You have to give to get, in other words. You provide something of value to others…so they’ll provide something of value to you. Each person, trying to get more for himself, is thereby forced to give more…and thus (as if guided by an ‘invisible hand’) contributes to the material progress of the entire world.

Money is just a ‘medium of exchange’. It is like a claim ticket for a car in a parking garage. The attendant can give you two tickets; you still won’t have two cars.

A century of debt

But persisting in the old fallacy — that money itself is the source of prosperity…and that printing up more money will ‘stimulate’ output — central bankers provided the world with so much new credit that even the Argentines could borrow at low rates. Naturally, they were happy to let others err on their behalf.

The Wall Street Journal reported in 2017:

Argentina sold a 100-year bond on Monday, the latest sign of investor hunger for yield as the country joined a small group to sell so-called century bonds. The Argentine government raised $2.75 billion through the debt issue with a yield of 7.9%, the country’s Ministry of Finance said.

A one-hundred-year bond? From Argentina?

Your editor laughed out loud. Statistically, the country would go broke 10 times before the bond was repaid. But for a few months, the joke was on him. In December of 2017, the ‘Century’ bond traded above par. And then gravity took over. By 2019, the bond had lost 60% of its value.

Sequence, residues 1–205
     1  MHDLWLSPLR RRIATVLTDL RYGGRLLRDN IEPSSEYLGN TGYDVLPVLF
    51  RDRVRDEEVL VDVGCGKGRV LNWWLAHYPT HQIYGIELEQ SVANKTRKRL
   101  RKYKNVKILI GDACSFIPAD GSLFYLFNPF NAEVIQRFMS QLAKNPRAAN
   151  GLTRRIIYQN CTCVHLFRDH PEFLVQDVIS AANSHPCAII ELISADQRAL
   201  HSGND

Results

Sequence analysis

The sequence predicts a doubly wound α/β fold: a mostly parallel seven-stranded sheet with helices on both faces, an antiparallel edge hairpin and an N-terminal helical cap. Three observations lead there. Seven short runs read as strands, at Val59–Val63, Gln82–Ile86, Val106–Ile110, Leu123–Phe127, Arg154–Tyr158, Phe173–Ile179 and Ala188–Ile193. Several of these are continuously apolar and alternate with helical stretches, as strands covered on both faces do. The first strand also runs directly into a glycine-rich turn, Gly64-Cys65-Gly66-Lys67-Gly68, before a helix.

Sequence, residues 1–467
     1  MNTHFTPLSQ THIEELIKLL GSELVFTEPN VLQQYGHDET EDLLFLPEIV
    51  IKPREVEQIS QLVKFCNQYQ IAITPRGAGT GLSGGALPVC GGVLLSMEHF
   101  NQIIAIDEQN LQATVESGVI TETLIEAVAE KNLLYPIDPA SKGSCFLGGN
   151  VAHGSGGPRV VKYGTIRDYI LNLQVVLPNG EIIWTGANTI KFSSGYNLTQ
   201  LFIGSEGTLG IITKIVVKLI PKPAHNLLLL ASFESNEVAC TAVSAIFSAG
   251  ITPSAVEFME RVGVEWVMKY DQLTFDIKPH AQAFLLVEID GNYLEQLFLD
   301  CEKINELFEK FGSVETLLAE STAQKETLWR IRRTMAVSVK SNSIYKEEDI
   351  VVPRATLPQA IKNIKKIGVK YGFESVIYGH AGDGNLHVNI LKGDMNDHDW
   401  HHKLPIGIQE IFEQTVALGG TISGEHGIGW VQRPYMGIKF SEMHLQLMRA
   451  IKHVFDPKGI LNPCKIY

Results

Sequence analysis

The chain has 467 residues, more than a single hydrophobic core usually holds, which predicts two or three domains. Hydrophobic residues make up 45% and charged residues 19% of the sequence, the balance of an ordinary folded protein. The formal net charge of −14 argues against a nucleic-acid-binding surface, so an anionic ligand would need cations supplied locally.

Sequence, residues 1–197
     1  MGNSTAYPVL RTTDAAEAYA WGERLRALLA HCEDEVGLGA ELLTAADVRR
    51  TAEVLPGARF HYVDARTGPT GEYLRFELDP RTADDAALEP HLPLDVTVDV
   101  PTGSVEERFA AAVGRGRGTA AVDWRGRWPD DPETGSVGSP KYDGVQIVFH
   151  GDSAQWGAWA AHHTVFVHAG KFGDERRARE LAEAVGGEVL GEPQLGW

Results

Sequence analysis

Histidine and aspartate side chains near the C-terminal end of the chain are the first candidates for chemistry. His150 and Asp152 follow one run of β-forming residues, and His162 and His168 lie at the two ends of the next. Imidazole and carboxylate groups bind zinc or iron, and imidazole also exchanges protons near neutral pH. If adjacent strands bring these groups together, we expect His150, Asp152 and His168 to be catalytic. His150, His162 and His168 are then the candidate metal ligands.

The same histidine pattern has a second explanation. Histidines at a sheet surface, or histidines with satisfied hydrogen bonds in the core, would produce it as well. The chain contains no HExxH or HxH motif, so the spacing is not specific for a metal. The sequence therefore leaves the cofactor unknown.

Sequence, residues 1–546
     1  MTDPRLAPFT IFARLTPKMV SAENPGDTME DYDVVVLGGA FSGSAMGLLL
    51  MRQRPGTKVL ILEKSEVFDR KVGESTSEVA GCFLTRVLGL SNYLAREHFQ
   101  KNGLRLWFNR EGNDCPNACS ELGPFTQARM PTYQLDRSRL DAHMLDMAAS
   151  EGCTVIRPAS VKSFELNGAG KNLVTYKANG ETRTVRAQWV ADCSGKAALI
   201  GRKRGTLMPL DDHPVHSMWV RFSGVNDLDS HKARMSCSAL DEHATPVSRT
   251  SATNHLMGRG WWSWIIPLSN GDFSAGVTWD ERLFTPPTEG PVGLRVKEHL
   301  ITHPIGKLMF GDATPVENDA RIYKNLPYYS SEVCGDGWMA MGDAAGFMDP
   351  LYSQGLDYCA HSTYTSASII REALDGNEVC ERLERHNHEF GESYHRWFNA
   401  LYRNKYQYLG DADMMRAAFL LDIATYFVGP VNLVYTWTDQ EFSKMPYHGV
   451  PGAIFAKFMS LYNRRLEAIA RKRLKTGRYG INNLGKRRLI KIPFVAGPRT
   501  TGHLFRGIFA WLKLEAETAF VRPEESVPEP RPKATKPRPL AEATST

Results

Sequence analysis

And then, on Thursday, the gauchos announced a new central bank lending rate. Not because they wanted to, but because the IMF — the only lender still dumb enough to talk to them — insists upon it. From Bloomberg: ‘Argentina Raises Key Rate To 47% as Inflation Hits 20-Year High’:

Fourth rate hike this year as prices rose 6.7% m/m in March

IMF agreement calls for real positive interest rates

Argentina’s central bank raised interest rates for the fourth time this year after inflation data published earlier in the day showed prices increasing at the fastest monthly pace in 20 years.

Yesterday, the 10-year Argie bond yielded 49%. If you could earn 49% on a 10-year bond, how much would a bond with a coupon of 7.2%, maturing in 2117 be worth?

Not much.

But while Argentines slide smoothly into poverty, Americans stumble. With no IMF to discipline them, their central bank lends deeply negative rate — about MINUS 7.7%.  

And pity the poor US mason. He’s being crucified on a cross of paper money. If he is lucky, he may get a 5% wage increase this year. Correctly measured, consumer prices are rising at about a 13% rate. This will mean a pay cut for him of about 8%…or a loss of US$2 per hour.

That’s just the way it’s supposed to work. Inflation is a tax…a way of ripping off the working classes. It worked for Argentina’s political bosses. It will work for the US’s jefes too.

And perhaps on some Good Friday, in the glorious future, you’ll be able to hire an American bricklayer — in the post-dollar money of the time — for about US$33 per day.

Happy Easter,

Dan Denning Signature

Bill Bonner,
For The Daily Reckoning Australia